an Insolvent Estate


When a person dies with more debts than assets, the court refers to this as an “insolvent estate.”
When this happens, you have a few options, none of which is that great.  

Option 1: Walk Away

First, you can do nothing. In Washington, heirs are not responsible for the debts of their relatives. So, even though a relative might have left large credit card bills, you have no legal responsibility to pay them. If, however, you place the relatives car in your name, then you have taken an asset of the person's estate that should by all rights go to the credit card company or one of the other creditors. It is not recommended that you take assets in such situations, except for possibly heirlooms, pictures or other assets that have little or no value other than to you and the family. Walking away can be difficult for people to do, but sometimes it makes the most sense.

Option 3: Negotiate 

Third, you can try to negotiate with the creditors. This can be tricky when you are not the court-appointed representative of a person’s estate, but creditors are sometimes willing to discuss the debt if you are family member, and you are willing to pay them off, even if at a discount. Getting a proper release from the creditor however is essential if you plan to pay off any debt. Once the debts are low enough that the estate becomes solvent, you can begin a probate that will allow you to get nonintervention powers or you can proceed without a probate using the process for Small Estates.

Option 2: Wait Two Years

Second, you can wait two years. Washington has a two-year statute of limitations for claims against deceased persons. Therefore, you could wait for two years after the date of death. After that, creditors can no longer bring a claim against the estate. During that time, however, creditors can file a probate to try to gain access to assets, although this is very rare. Also during that two year period, banks that hold the funds of your loved one may hold it, but may forward the funds to the unclaimed property division at the Department of Revenue. This doesn’t mean the property is lost, but must be accessed later, preferably after the two-year statute of limitations has expired. To check to see if the Department of Revenue is holding assets of a deceased person (or a living person), go to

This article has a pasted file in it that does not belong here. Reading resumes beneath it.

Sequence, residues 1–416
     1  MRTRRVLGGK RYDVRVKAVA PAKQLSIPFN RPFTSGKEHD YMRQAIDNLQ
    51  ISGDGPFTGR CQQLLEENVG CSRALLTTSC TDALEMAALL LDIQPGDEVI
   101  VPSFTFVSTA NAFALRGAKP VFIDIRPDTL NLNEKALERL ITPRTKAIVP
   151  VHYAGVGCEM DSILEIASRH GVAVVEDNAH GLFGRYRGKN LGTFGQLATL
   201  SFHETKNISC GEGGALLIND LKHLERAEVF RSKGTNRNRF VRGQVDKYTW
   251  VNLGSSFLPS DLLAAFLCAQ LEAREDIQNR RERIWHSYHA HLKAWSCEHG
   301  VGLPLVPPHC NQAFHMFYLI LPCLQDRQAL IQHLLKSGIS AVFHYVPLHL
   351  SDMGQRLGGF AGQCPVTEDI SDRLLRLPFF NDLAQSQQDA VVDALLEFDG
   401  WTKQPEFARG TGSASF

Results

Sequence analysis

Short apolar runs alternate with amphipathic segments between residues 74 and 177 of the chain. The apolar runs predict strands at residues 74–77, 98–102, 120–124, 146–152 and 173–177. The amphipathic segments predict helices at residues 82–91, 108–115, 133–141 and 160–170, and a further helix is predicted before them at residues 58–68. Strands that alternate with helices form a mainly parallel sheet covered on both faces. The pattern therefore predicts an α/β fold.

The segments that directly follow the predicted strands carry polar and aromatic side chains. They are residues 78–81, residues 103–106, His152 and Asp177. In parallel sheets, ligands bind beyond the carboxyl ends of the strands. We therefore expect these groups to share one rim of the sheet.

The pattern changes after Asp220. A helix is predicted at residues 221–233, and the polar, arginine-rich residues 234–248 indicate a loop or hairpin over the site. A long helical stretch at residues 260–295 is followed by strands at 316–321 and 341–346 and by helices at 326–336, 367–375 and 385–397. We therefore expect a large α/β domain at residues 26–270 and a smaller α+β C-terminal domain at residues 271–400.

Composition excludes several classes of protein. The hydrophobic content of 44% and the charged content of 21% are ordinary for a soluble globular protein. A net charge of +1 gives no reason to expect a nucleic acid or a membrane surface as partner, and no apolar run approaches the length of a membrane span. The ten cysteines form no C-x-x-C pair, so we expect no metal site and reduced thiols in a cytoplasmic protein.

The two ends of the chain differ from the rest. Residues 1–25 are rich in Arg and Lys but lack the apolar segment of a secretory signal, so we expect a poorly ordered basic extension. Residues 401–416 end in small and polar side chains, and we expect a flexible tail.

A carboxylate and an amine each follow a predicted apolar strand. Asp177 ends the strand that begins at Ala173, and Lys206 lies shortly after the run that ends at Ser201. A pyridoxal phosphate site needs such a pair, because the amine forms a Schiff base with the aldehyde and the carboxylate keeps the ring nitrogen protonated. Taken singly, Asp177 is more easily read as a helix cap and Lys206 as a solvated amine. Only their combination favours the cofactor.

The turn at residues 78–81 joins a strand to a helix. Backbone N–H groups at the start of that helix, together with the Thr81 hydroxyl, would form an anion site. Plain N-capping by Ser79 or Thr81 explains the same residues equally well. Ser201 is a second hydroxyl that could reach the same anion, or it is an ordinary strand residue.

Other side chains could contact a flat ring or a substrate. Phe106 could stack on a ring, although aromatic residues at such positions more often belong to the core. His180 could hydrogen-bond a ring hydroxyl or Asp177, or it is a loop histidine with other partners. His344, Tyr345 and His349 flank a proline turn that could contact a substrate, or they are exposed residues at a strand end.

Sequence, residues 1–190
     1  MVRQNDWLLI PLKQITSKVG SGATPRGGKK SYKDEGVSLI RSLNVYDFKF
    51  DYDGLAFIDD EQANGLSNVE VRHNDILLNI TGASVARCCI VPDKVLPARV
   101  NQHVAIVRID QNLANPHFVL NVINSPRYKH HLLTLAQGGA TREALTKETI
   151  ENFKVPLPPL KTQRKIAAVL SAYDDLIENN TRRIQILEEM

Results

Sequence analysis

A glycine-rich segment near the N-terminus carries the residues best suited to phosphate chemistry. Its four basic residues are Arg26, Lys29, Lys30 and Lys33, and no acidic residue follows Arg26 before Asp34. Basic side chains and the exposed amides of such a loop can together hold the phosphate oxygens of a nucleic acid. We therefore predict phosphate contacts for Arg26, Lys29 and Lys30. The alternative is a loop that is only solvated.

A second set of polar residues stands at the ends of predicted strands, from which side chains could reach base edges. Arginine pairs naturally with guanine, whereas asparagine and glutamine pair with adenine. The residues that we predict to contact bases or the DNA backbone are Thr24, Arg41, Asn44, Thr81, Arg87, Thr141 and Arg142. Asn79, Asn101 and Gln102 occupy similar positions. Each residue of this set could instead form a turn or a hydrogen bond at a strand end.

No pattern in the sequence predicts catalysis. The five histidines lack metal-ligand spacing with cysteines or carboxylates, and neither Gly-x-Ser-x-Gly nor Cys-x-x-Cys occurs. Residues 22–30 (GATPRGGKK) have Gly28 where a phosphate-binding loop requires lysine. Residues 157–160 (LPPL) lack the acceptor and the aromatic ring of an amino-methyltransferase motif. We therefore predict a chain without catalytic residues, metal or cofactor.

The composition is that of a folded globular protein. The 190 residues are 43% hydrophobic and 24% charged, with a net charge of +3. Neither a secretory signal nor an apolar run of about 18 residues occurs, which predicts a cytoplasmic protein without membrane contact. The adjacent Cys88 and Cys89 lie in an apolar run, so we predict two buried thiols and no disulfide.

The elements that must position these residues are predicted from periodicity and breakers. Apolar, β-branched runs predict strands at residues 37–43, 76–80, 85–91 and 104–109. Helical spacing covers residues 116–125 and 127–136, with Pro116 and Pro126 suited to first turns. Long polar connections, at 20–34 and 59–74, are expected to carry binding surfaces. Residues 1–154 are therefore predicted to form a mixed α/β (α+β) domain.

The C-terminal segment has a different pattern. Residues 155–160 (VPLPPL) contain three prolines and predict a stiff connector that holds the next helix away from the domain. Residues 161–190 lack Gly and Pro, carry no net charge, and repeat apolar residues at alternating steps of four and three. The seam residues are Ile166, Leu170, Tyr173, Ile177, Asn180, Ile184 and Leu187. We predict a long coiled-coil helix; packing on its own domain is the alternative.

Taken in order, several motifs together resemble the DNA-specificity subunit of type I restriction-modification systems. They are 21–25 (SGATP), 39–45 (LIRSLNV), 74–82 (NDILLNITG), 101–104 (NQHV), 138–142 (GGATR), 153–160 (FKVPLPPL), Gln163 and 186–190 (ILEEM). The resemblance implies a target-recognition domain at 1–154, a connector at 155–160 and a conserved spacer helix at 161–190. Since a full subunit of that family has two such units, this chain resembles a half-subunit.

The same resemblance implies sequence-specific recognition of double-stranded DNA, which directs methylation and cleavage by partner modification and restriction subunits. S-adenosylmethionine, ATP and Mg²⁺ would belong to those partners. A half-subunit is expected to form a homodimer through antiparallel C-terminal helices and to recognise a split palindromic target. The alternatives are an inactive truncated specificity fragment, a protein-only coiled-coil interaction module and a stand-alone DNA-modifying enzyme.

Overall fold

Option 4: File a Probate

Fourth, you can file a probate. The problem here is that the court will not likely grant you nonintervention powers. Therefore, ironically, even though the assets are usually minimal, the complications and expense are much greater than a normal probate that could have a lot of assets. By not having nonintervention powers, you must return to court anytime you want to do most anything related to the estate, such as pay bills, sell assets and close the probate. If you plan to proceed with a probate of an insolvent estate, you should first consult with an attorney.